By Rachel Painter, LPC
Yoga has been building a reputation as “mind-body medicine”. It can be a powerful tool for emotional regulation and even aid in changing overwhelming emotional states. Yoga inherently wakes up communication between our brain and our body, helping us to attune to our physical and emotional needs. This mind-body connection can be incredibly affirming as we listen to what’s going on in our body and actively respond to our needs.
More and more research has emerged, showing strong evidence that yoga can help people cope with overwhelming circumstances and mental health issues. Thereupon, specialized curriculums have been developed to target the specific needs of people who are struggling with issues like PTSD, anxiety, and depression. One particular program called EMBER, also known as Mindfulness-Based Emotional Resilience, aims to help individuals develop the skills they need to become more resilient. EMBER’s 12-week curriculum cultivates resiliency by teaching skills that help individuals: respond to intense feelings, create a belief that they can affect change, and feel more supported. Furthermore, the program aims to create more positive emotions, such as kindness, gratitude, hope, and humor.
Any yoga can be therapeutic if done in a safe environment that is supportive of your specific needs. So, what exactly makes therapeutic yoga, like EMBER, different? Therapeutic yoga is designed for anybody, no matter their level of experience. The curriculum doesn’t just involve physical poses but also breath work and guided imagery. No matter your background, all you need is a curious attitude. The EMBER program intends to teach yoga skills that equip people to choose what is best for their body at that moment. The hope is that these skills will help people to feel more confident to respond to their needs (physically and emotionally), less overwhelmed, and more capable.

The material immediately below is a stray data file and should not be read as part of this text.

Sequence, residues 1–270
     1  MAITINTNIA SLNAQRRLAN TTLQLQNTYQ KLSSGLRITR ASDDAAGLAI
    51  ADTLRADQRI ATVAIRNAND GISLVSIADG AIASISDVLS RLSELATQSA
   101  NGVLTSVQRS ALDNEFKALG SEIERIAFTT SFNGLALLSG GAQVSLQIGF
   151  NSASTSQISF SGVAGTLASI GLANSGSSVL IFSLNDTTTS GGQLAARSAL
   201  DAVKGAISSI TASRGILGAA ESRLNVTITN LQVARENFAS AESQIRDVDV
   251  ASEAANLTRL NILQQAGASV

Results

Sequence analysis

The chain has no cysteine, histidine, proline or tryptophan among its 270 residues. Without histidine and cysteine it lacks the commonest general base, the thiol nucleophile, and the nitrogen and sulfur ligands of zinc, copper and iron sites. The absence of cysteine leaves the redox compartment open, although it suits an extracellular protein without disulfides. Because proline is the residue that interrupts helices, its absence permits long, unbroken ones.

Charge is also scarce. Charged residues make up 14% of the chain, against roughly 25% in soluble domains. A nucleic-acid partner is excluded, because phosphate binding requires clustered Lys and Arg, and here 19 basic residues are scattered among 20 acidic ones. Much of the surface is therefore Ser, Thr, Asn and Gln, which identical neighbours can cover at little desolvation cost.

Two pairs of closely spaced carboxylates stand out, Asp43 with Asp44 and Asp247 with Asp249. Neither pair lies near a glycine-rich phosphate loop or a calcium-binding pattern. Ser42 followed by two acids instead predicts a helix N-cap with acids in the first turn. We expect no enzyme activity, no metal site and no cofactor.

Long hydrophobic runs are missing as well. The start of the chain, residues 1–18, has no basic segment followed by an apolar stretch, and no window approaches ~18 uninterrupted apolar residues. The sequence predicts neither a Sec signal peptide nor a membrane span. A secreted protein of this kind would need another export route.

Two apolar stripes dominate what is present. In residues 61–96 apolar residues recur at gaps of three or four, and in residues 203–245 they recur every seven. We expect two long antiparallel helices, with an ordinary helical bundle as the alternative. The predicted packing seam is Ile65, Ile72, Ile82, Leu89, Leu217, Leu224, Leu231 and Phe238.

A fundamental aspect of therapeutic yoga is that choice is the cornerstone of the practice. Therapeutic yoga is all about choosing poses that are right for you at that moment. Alternatively, choosing not to do a posture or breathing exercise because it is not comfortable in your body at that time. For example, maybe you’ve been struggling with depression and experiencing symptoms of feeling numb. Therefore, you chose poses that create sensations in the body and allow you to reconnect with yourself. On the contrary, a person who is also struggling with depression may feel burnout and fatigued. Therefore, they decide they need a less dynamic pose that is more restorative. The primary focus is on expanding the tools in your toolbox so that you may meet your own needs, at any given time.
Regardless of your circumstances, therapeutic yoga approaches you as a person that is not someone to be fixed but someone who is already whole. Therefore, to build resiliency, this holistic approach is a modality to unlock the wisdom that you already hold inside of your body to meet the needs of your nervous system.
Rachel Painter will be joining our practice in September 2019. If you would like to set up a consultation, please contact our office at (202)333-6251.